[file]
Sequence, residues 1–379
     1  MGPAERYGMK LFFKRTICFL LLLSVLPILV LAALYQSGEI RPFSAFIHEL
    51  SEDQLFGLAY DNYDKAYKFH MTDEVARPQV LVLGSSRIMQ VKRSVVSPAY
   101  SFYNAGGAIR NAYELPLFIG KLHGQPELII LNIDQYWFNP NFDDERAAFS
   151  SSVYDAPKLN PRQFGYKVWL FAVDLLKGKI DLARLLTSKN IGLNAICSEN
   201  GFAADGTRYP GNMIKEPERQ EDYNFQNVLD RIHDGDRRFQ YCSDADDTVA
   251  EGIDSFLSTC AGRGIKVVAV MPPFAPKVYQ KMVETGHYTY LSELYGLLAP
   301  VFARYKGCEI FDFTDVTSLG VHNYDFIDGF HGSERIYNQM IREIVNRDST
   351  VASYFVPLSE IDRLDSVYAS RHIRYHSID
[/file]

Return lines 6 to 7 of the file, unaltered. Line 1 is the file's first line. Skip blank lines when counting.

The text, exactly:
   201  GFAADGTRYP GNMIKEPERQ EDYNFQNVLD RIHDGDRRFQ YCSDADDTVA
   251  EGIDSFLSTC AGRGIKVVAV MPPFAPKVYQ KMVETGHYTY LSELYGLLAP